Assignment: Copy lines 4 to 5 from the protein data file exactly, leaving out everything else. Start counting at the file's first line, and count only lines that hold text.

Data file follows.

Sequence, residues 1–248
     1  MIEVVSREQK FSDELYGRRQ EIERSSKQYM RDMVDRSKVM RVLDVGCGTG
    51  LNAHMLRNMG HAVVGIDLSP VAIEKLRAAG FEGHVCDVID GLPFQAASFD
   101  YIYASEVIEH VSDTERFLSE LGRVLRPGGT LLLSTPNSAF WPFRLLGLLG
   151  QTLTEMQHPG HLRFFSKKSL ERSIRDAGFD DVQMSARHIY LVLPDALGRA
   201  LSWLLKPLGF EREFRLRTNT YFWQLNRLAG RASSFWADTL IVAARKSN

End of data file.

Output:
   101  YIYASEVIEH VSDTERFLSE LGRVLRPGGT LLLSTPNSAF WPFRLLGLLG
   151  QTLTEMQHPG HLRFFSKKSL ERSIRDAGFD DVQMSARHIY LVLPDALGRA